Two girl students were expelled from a private school in Kazakhstan
after they were tested HIV-positive, local TV outlets reported.
The school is in Shymkent in southern Kazakhstan.
School doctors were the first to hear about the children's
HIV status during a BCG vaccination campaign.
The girls' parents wrote to explain why their children
should not be vaccinated.
Violating the law on patient confidentiality, the doctors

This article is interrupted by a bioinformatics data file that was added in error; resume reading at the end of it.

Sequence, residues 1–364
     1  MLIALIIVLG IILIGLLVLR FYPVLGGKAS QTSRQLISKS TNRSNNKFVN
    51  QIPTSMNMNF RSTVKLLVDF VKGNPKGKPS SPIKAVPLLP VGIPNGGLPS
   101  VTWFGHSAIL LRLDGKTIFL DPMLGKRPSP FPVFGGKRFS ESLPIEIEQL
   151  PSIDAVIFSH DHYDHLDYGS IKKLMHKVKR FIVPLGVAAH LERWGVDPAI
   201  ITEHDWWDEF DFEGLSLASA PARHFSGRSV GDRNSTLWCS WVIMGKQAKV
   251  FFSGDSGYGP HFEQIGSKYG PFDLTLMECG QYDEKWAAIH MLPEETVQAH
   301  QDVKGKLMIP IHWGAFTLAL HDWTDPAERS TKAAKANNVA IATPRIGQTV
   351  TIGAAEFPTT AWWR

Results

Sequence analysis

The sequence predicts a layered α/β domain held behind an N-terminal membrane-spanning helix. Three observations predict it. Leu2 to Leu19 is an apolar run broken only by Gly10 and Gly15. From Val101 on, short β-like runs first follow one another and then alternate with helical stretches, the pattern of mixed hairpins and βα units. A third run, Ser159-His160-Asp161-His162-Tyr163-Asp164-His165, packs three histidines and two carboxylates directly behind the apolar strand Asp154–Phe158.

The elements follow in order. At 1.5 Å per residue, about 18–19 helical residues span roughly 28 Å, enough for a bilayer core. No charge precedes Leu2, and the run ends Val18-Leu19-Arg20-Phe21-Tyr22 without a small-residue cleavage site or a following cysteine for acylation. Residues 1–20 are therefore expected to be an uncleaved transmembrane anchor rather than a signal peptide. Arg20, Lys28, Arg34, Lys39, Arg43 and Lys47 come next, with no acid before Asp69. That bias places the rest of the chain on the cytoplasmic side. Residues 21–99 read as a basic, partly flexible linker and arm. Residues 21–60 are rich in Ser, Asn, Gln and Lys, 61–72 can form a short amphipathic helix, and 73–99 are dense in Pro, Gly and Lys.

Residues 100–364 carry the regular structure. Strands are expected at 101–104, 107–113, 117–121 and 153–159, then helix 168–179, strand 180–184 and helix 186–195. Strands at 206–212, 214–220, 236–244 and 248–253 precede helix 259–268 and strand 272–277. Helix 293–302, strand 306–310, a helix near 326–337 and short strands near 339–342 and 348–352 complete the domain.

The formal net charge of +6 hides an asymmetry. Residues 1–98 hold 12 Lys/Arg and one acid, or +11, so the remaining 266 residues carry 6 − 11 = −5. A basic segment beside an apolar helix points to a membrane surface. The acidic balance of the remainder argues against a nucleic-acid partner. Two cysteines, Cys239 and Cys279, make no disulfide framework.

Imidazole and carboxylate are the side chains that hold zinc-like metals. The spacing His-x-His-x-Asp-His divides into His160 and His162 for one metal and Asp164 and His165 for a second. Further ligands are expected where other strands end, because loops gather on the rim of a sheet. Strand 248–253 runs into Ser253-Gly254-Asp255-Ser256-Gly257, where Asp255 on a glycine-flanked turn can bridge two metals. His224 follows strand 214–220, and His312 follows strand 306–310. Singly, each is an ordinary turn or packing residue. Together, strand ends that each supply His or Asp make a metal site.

reported this to the school principal. The parents were given 10 days to take
their children out of the school.
A local charity, Protect Children From AIDS, has lodged an
appeal with the authorities and prosecutor's office.
In 2006, a scandal broke when it was revealed that 118
children and 14 mothers were infected with HIV while being treated at Shymkent
It is thought that contaminated blood and medical staff
re-using disposable equipment were to blame. In 2007, the doctors involved were
found guilty of negligence and sentenced to up to eight years behind bars.